Ironically, Memorial Day, once known as Decoration Day, marked a time that Americans remembered those brave individuals who died in the service of our nation. However, many people today view the holiday as the start of the summer vacation season and a day to travel. Sadly, Memorial Day has become one of the most dangerous days on our nation’s highways.
This fact may be especially true for Texans. Texas State Police reported four fatalities related to this past Memorial Day crashes. Two car accidents occurred on I-95. Jose Nuñez died after his car lost control and collided with a concrete barrier, guardrail, tractor-trailer and a light pole. Twenty-seven year old Laura Kavazanjian lost her life when she was thrown from the vehicle in which she was a passenger. Teen Eric Mohamed was killed when his car went off the road and crashed into a tree. Motorcyclist Christopher Corona died when his bike crashed head-on with another vehicle.
Law enforcement responded to 260 traffic accidents during the weekend, many of which resulted in injuries. In one accident, five people were injured when a driver fell asleep at the wheel and slammed into stopped traffic.
Accidents happen for a variety of reasons. Some can be related to driver fatigue, while others involve distractions, impairments, faulty equipment or driver inexperience. Regardless, many accidents are preventable.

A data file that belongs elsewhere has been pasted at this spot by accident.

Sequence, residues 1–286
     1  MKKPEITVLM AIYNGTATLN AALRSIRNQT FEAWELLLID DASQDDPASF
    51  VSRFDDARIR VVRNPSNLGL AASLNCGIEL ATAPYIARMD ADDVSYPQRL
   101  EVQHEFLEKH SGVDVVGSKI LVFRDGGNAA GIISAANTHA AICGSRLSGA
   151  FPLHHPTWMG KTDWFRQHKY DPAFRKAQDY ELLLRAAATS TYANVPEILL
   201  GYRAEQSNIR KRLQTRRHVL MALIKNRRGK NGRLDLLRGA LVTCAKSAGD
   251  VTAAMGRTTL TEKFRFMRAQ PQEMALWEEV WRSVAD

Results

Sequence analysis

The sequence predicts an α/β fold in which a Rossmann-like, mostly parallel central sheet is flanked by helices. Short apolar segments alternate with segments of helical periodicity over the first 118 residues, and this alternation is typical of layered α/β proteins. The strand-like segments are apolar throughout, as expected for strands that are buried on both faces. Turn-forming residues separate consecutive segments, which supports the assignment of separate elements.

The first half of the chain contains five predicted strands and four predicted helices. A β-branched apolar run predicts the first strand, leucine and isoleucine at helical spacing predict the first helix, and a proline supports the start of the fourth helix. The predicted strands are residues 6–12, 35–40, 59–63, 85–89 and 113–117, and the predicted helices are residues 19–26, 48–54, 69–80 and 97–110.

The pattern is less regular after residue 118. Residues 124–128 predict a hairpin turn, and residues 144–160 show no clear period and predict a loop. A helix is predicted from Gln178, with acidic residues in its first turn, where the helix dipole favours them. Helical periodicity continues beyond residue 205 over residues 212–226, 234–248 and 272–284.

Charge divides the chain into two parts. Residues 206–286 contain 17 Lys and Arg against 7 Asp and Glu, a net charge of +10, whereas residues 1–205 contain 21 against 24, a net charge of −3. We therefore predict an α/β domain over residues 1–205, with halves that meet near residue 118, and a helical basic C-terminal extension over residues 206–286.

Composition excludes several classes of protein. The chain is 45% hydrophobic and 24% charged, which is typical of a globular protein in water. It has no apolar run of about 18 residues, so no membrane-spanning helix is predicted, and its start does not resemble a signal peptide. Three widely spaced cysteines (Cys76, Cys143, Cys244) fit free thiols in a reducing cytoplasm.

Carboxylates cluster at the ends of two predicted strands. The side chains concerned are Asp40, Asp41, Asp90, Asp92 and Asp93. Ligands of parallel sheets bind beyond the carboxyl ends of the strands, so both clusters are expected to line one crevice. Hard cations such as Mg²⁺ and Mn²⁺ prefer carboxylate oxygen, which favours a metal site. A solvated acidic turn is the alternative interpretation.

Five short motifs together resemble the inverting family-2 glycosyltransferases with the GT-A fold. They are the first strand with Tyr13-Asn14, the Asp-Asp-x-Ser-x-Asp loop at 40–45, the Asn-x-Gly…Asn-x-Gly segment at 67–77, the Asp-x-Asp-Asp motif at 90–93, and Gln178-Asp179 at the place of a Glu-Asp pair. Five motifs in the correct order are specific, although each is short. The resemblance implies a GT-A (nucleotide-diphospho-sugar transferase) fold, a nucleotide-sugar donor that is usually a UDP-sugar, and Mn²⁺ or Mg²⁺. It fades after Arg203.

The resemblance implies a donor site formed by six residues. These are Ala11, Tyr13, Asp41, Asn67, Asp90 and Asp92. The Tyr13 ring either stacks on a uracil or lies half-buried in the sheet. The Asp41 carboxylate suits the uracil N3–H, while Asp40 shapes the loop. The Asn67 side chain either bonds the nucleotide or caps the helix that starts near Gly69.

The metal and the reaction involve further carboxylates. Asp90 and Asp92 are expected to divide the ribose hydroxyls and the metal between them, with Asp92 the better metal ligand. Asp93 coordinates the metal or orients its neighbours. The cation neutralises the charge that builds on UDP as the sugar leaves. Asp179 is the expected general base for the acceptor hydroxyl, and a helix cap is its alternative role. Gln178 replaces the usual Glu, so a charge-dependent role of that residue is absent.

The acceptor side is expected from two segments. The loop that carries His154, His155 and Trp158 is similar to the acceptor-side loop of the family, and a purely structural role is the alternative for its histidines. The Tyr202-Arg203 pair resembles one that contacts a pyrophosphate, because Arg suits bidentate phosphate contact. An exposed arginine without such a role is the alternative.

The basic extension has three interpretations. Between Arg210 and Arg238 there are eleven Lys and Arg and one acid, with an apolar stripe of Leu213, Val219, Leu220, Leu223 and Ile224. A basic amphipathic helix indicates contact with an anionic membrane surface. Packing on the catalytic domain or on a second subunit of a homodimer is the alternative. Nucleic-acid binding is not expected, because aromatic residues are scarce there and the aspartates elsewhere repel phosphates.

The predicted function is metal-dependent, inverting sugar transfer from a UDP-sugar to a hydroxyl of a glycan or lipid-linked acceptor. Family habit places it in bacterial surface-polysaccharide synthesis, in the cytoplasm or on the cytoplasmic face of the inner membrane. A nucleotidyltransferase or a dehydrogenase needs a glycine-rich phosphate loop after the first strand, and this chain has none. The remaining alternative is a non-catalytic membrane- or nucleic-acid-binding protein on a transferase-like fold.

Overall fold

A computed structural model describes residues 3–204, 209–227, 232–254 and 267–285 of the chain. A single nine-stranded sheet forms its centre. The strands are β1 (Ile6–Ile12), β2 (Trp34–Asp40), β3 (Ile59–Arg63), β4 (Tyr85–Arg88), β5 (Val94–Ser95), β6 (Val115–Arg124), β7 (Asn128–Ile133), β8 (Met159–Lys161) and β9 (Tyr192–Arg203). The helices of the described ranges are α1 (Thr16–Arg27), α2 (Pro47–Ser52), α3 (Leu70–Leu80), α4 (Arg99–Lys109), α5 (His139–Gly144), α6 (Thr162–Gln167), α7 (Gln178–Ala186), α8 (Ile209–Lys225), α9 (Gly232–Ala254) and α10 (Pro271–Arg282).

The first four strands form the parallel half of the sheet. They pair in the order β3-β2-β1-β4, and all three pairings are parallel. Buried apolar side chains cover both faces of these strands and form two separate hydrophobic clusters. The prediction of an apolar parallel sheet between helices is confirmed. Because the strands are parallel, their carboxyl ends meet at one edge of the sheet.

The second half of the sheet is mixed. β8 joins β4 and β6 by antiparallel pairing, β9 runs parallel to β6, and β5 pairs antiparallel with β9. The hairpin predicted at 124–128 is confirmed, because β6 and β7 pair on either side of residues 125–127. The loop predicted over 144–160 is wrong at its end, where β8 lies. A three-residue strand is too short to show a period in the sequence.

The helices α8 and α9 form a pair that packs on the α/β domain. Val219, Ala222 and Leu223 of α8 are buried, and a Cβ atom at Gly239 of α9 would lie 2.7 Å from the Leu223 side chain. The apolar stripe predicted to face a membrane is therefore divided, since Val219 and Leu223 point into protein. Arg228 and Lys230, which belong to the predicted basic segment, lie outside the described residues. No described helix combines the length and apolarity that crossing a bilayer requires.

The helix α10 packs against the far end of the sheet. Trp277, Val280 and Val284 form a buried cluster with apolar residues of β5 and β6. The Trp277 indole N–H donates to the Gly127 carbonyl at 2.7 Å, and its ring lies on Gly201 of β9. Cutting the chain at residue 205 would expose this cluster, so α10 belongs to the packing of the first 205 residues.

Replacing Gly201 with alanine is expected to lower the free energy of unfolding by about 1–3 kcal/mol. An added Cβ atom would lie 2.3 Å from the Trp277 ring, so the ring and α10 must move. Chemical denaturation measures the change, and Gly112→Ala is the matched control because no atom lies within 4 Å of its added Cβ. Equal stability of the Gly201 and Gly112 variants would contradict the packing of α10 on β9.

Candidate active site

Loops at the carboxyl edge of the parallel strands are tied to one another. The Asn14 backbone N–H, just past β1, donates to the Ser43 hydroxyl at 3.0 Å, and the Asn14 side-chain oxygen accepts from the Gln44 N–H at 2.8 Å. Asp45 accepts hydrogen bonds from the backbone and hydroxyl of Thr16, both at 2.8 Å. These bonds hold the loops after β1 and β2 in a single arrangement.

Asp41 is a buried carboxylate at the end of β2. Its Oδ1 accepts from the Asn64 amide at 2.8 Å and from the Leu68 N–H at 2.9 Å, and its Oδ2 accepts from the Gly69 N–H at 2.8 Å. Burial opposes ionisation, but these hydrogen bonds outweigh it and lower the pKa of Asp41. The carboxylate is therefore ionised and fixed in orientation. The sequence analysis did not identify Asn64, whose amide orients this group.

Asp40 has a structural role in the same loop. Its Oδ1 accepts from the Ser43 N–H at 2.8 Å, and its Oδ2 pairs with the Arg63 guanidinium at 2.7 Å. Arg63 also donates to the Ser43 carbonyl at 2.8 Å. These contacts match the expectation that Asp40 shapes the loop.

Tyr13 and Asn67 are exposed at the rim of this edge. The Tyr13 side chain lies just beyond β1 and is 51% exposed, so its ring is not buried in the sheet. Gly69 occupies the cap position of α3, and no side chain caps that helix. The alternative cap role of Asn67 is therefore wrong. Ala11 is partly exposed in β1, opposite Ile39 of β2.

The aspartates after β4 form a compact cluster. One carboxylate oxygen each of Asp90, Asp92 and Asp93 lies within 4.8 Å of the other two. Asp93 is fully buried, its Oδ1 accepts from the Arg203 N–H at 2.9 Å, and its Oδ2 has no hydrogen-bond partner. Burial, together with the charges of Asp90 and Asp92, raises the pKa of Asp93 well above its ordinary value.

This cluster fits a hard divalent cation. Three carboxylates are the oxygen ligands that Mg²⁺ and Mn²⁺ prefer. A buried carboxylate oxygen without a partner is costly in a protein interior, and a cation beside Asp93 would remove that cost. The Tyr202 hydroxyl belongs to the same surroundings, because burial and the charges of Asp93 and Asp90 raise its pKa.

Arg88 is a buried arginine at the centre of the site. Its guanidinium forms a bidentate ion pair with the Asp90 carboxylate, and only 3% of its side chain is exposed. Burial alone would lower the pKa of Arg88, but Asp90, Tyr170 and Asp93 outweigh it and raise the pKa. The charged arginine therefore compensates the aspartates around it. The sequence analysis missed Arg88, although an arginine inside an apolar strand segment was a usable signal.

During the holiday, Texas police issued a number of tickets for riders and drivers in violation of the state’s seat belt law. As part of the national Click It or Ticket campaign, officers issued nearly 1,000 tickets for seat belt violations. More than 2,000 tickets were issued for speeding, and 70 drunk-driving arrests were made.
Crash-related deaths cost Americans $41 billion in a year. More than half of these costs are concentrated in only 10 states. Ranked in the elite 10, Texas shoulders $3.5 billion, which is almost 9 percent, of the nation’s medical and work-loss costs associated with traffic accidents.
Memorial Day marks the beginning of vacation and accident season. For drivers and their passengers to enjoy safe holiday weekends, each should recognize that wearing seat belts and avoiding driving impaired by either substances or fatigue actually can save lives.